My negative viewpoint was obviously not helped by my initial experiences as a language teacher. It was also not helped by a closer-to-that-time experience (omitted as I was still working at that institution at the time of writing the post) in which I got a ‘surprise’ observation from my head of department. She entered the classroom all smiles but when I said we were doing a spelling test my would-be observer left the room in a huff complaining that I hadn’t informed anyone I was doing a test (why would I if it was a surprise observation?) I was promised a future surprise visit but it never came to pass…
That original post kicked off quite a discussion of what observations could and should be like. In the comments (and in a couple of other posts around the ELT blogosphere), teachers bemoaned their similar experiences, expressed sympathy for the busy and at times stressed observers, and talked about how constructive, focused observations would be of more use for all parties.
Assignment of each member of academic staff to a supervisor. As an EAL teacher, mine would be the Head of Foreign Languages. Arrangement of a meeting time to make an action plan. Crucially, this would take place before any observation and I was asked to come prepared having thought about strengths and in my teaching and areas I wanted to improve. Meeting to decide on areas of focus for the observation. These would be decided in consultation with the supervisor, who would also go through the observation feedback form in detail. The observation itself. The class, day, and time were all arranged in advance. Post-observation feedback meeting. There would be a chance for self-assessment on the teacher’s part, a comparison with the thoughts of the supervisor, and discussion about the areas of focus, whether or not targets had been met, and what could be done to improve and/or sustain standards in the future. A repeat of the process from step 2 onwards. A chance to show feedback had been taken on board.
We discussed these points in the meeting and also talked about potential solutions. I was also shown the observation sheet and got to see that the lesson in general would be evaluated in terms of student engagement, level of challenge, production, and classroom/activity management.
This all gave me plenty to think about ahead of the observed lesson, which would be with my Year 8 & 9 intermediate EAL group. I prepared a series of activities (of course, all the pre-observation steps gave me time to get a lesson I was confident in doing ready) and paid particular attention to how I would group the students at different stages and for what purpose.
And so it was that the day of my first official observation in 12 years (!) began (I was only ever observed by new teachers in my previous job not counting the spelling test!) My observer arrived on time and alert (and stayed alert for the whole lesson unlike observers past) and willingly got involved in a stage of the lesson I had planned as a whole class activity to replace the student who was absent. I started with a homework review (done with the partners they had sat with when coming into class).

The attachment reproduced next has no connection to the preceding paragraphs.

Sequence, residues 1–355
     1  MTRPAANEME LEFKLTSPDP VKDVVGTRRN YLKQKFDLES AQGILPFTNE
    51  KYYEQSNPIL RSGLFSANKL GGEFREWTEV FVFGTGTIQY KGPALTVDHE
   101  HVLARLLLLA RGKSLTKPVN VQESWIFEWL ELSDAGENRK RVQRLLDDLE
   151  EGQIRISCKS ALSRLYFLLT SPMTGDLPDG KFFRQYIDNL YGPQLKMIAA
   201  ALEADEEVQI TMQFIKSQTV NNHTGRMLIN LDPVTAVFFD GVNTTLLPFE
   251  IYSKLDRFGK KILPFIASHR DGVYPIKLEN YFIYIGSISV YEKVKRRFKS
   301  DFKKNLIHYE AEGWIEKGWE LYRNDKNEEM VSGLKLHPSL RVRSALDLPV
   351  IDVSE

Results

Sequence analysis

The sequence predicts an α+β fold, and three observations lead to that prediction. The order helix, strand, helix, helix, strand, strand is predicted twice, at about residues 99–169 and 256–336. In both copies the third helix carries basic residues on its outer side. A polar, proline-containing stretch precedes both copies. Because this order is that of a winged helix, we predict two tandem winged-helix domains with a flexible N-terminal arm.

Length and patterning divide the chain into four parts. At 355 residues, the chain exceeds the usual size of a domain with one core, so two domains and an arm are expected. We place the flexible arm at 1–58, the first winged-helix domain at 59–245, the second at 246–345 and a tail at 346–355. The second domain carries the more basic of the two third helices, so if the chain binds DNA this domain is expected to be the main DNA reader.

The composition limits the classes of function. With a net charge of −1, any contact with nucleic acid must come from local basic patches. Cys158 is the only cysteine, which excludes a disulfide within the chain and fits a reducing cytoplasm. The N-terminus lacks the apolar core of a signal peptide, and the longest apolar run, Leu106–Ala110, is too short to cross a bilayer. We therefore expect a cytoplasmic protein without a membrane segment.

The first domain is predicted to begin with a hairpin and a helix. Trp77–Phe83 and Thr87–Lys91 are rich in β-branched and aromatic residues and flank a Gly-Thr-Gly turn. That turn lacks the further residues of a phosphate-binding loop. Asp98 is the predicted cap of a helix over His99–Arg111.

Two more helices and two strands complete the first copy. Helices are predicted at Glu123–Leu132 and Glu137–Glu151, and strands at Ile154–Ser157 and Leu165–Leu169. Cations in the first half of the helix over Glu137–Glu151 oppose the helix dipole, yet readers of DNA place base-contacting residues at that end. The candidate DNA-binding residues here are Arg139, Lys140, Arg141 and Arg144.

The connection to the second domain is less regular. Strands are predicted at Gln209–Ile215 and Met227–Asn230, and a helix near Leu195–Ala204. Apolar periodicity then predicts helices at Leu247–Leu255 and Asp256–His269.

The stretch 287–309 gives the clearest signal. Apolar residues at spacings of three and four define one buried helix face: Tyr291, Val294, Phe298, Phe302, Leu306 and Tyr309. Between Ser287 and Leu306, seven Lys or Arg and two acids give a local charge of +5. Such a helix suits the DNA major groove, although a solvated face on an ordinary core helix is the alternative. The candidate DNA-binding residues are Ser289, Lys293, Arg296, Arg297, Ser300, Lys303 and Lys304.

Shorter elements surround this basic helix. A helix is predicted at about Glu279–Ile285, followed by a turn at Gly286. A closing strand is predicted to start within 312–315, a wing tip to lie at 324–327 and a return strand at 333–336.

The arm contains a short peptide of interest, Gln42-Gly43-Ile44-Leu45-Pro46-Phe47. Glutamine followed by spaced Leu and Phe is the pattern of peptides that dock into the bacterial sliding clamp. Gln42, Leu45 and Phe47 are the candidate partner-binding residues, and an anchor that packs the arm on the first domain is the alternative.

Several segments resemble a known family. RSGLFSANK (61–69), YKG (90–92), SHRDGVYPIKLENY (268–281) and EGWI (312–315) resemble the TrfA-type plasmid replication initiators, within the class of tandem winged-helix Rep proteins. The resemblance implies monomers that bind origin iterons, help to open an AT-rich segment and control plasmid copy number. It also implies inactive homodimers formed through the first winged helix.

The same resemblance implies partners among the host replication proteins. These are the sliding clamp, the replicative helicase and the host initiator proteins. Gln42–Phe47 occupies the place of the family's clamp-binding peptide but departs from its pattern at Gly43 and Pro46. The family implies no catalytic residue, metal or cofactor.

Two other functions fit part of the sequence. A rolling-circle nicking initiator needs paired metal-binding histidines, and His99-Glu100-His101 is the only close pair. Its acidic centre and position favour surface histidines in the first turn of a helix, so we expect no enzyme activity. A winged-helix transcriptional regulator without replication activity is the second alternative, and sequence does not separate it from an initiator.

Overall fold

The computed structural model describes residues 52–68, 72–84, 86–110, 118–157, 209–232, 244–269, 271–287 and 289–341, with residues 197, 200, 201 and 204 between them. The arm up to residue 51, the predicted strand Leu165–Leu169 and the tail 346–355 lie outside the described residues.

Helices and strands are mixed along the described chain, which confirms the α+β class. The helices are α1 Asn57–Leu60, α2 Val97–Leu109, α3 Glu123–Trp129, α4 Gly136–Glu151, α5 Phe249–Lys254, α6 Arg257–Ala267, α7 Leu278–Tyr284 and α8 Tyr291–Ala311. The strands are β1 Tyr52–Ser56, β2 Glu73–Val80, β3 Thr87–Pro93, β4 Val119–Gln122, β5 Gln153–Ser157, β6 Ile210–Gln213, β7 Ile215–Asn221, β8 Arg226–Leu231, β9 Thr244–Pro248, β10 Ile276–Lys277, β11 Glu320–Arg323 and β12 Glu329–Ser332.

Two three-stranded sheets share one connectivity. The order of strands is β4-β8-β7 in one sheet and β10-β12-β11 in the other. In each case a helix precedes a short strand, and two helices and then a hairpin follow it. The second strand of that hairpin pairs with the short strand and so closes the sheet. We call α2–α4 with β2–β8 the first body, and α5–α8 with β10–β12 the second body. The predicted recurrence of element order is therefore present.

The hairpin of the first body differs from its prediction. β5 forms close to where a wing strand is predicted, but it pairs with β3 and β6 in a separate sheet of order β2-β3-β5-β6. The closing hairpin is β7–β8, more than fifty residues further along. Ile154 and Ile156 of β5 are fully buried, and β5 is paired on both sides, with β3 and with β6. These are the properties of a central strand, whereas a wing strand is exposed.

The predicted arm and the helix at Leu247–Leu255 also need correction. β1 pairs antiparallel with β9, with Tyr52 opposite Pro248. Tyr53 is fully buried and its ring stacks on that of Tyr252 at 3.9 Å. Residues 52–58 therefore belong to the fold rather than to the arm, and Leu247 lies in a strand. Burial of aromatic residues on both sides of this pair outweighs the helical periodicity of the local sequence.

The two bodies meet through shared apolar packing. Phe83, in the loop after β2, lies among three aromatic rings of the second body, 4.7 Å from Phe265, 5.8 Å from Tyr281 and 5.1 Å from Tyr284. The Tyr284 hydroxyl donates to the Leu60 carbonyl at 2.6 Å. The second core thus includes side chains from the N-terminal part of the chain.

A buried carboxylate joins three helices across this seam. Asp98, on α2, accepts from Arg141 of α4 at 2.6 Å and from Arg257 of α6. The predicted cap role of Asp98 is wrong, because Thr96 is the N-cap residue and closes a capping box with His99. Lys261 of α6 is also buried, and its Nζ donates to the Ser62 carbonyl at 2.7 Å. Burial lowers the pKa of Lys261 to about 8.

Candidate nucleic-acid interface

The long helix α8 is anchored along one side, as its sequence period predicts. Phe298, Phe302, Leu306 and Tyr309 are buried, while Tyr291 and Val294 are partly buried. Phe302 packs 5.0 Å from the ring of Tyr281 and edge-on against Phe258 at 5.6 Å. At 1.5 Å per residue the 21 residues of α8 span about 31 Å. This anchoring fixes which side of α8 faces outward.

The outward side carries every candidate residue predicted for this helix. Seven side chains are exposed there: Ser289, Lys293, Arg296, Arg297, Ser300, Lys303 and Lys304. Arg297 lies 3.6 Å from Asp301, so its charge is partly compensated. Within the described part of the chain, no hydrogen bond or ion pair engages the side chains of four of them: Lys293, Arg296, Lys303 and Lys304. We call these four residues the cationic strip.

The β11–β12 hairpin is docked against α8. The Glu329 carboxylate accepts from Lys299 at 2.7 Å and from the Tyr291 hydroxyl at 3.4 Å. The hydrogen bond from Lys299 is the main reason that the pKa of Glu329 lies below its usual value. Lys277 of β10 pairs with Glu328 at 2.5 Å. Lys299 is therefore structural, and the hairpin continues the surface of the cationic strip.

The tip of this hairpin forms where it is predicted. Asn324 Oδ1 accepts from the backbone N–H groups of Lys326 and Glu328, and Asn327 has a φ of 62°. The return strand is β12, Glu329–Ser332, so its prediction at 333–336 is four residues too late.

We then moved onto a jigsaw reading based on a text entitled ‘how to learn new words’. They completed this in groups of three, sticking the different paragraphs on the board in the order of importance. A spontaneous discussion then began about the differences between their lists.
We then had a whole class activity with a different instructional ‘how to’ text which they had to out in order. Once they had done that, we applied some of the strategies from the first text to discover the meanings of unknown words.
Finally, I randomly handed each student half of a title for a ‘how to’ writing activity. They had to find the person with the matching half and then write a relevant ‘how to’ guide. The final stage was to be error correction and presentation of the guides but we were running out of time so I called everyone’s attention, reviewed what we had done, and informed them we would continue with the task next lesson.
The next day, I met with my supervisor for feedback. We started with “how do you think the lesson went?” and filling in the self-assessment form. The observer’s comments were then made and, for the first time in my ELT career, it was mainly positive. The stages of the lesson were clear, the students were engaged, it all flowed well, the dıfferent groupings worked and served the purpose of each part of the lesson. “I can’t really say you could have done this or that better,” my observer said. “I can only say I may have approached certain parts of the lesson in a different way.” She even added that she had picked up some ideas to try out in her classes.
Now, this is an observation process that makes sense to me. It’s not that on this occasion it all went well but rather it’s the fact that I was given time to think of my own areas of weakness to work on (and time to work on them!) and the feedback was framed in a positive but constructive way with an open-minded observer. I also left with a few ideas of what I could do differently (or at least try) and a very strong feeling that I had come out of the process as an improved, refreshed teacher.
No surprises, no generic or unjustified criticism, and no stress to be had here. Instead, time to reflect, discuss, develop and enact a plan, and then reflect some more. That is what observations should be. They are part of our professional development after all.